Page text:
East stadium green roof Because current building codes wouldn’t allow a tremendous amount of weight to be added to the roofs, designers turned to ACH Foam Technologies’ Foam-Control EPS Geofoam, an innovative commercial building product that is about 1 percent of the weight of natural soil. ACH’s specially engineered expanded polystyrene (EPS) foam offered a lightweight material capable of filling in the slopes created by the rows of seating without overburdening the structural capacity of the roofs. The contoured slab was then covered with a thin layer of soil and planted with native species in a K-State color palette, creating a sloped prairie hillside bisected by a running track.

“Figuring out the contours of all the steps was really quite a puzzle,” says Curtis Calvert, project manager for Hutton Construction, who is a K-State alumnus. Calvert credits roofing subcontractor Western Specialty Group for determining the most efficient way to cover the slope without much material or labor waste. “They came out and mapped every inch of the stadium, which allowed each piece of foam to be specially cut and configured for placement on the slope.”

Smoke and Calvert both shared a story for the ages about the project. “As we were doing the punch list, walking along the east stadium’s exterior wall, a few individual stones were identified that we wanted to replace,” recalls Smoke. Behind one of those stones among literally thousands, a foreman discovered an old tin can with a note inside. “The note was handwritten and signed by five masons who had worked on the original construction,” continues Smoke. Such an incredible find should remind us all that buildings are built by real people with a commitment to their craft.

John Myers, ACH Foam Technologies, can be reached at

In the News

Cathedral Apprentice Leaves His Mark

rr-casestudy-salisbury-cathedral-1Salisbury Cathedral is one of Britain’s finest medieval cathedrals. More than 300,000 people visit the cathedral each year to marvel at the nearly 800-year-old building and admire Britain’s tallest spire. The finest original copy of the 1215 Magna Carta is on permanent display to visitors in the Chapter House of the cathedral.

The cathedral’s Major Repair Programme (MRP) began nearly 30 years ago. Comprehensive fabric repairs were needed. Many of the roofs were old, cracked in some places and distorted by thermal movement; the glazing, some of the finest in the country, was becoming frail and in need of re-leading, cleaning and isothermal glazing; and many of the stones in the walls were blistering, soot encrusted and eroded.

rr-casestudy-salisbury-cathedral-2The most significant problem was the spire, through which daylight could be seen in places and where some stones were only 2 inches thick, having once been 8 inches. Work on the tower and spire (except the finial at the top) was completed in 1992; the west-side front repairs ran from 1995 to 2000; and work on the roofs, which involved 90 percent replacement, was completed in 2005.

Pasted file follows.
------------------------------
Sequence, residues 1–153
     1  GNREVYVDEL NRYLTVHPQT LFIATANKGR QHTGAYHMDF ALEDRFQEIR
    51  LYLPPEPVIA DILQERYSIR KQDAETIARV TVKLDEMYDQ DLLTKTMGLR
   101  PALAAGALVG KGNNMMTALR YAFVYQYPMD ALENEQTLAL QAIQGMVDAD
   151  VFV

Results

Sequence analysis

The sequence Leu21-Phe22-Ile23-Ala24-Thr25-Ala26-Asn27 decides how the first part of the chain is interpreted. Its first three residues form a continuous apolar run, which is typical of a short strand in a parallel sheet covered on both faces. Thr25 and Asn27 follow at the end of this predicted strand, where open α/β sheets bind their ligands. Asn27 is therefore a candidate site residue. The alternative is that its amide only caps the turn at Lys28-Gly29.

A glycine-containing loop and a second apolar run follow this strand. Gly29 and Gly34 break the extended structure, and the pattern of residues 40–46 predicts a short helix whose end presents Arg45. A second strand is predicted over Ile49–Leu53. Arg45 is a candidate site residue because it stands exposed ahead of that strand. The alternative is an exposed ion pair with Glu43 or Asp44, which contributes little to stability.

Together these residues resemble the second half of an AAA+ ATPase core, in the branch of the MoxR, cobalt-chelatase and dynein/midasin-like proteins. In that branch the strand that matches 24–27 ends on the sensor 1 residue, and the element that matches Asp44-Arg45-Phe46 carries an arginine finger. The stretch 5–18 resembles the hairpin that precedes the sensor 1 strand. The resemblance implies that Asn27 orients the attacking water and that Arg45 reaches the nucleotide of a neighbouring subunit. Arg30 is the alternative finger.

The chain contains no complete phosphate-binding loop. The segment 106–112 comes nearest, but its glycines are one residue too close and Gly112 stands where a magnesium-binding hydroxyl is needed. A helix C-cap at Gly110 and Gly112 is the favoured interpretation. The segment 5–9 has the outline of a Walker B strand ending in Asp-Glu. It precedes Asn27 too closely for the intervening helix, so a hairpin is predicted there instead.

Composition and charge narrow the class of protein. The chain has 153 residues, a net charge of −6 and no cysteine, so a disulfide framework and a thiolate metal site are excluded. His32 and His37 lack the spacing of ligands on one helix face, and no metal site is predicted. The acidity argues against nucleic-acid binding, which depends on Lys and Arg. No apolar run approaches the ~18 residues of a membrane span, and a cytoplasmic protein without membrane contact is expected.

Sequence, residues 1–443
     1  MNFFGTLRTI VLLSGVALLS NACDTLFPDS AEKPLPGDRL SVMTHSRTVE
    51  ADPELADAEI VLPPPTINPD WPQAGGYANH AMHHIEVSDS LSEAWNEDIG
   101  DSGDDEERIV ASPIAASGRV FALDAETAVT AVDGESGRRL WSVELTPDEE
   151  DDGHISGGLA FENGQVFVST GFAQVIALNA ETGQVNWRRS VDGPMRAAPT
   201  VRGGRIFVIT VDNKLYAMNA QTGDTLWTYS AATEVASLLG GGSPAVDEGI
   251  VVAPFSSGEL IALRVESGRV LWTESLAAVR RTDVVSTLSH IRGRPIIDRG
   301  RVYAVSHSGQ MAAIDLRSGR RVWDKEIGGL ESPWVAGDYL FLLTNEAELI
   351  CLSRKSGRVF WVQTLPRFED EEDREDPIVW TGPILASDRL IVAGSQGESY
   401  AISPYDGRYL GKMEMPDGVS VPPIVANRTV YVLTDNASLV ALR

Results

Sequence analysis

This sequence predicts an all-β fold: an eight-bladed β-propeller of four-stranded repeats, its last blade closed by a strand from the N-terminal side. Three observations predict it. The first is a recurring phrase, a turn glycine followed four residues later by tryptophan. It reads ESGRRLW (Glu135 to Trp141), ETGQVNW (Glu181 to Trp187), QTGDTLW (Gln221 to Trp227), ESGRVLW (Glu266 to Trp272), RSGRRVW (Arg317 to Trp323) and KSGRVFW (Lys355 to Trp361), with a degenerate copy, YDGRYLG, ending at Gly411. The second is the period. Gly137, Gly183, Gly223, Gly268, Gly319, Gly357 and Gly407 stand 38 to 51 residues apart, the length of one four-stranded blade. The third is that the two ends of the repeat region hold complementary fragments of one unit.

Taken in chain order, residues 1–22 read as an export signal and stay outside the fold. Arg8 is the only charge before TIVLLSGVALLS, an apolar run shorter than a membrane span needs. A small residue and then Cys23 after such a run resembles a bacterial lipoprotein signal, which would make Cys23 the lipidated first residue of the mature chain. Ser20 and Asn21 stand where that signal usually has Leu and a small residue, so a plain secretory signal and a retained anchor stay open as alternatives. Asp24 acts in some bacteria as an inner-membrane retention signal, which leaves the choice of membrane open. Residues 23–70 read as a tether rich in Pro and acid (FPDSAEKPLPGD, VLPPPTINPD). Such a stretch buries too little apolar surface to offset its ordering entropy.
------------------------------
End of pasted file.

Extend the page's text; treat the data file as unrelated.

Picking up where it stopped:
Salisbury Cathedral is one of only nine English cathedrals to have its own Works Department, which includes a team of stonemasons, glaziers, a dedicated ecclesiastical carpenter and a lead plumber. The department takes on one apprentice every four years, a much sought-after training post in which the trainee learns traditional stonemasonry skills.

On Thursday, Sept. 22, 2016, cathedral stonemason Christian Sullivan marked the end of a four-year-long apprenticeship at a “topping off” ceremony held high on the scaffolding above the cathedral’s southeast side. Sullivan, who has now embarked on a Foundation degree in stonemasonry, spent the last two months of his apprenticeship carefully carving a copy of the damaged finial for the southeast side of the cathedral. Generally, only one major carving like this is done a year. Sullivan’s finial was the last stone to be laid, marking the end of that particular stage in Salisbury Cathedral’s 30-year-long MRP.

The original finial was damaged as a result of Victorian restoration in which the masons used an iron pin to fix the finial to the stone below. The iron rusted and expanded, causing the stone to split. Today, cathedral masons use stainless steel pins, which do not rust.

Sullivan said, “I knew I wanted to make things but never saw myself as a mason in particular. That is something that has grown with the job. It is amazing to think that my work is now up there on the east side and will be for the next few hundred years.”

Also present at the “topping off” ceremony were 40 donors who participated in the Sponsor a Stone project. Donors have their initials carved into their stone, and it is fixed into the cathedral wall. They also receive a diagram that shows the position of their stone and can spend time in the Works Yard, visiting the mason who is creating it.

Work is now beginning on the Trinity Chapel, on the east face, the oldest part of the cathedral. This has remained untouched since the foundations were laid in 1220. Now, frequent stone falls mean that it has to be roped off for restoration and its beautiful interior is being damaged by rain.

For more information about the Sponsor a Stone project or the cathedral, contact Natalie Downing at or Jilly Wright at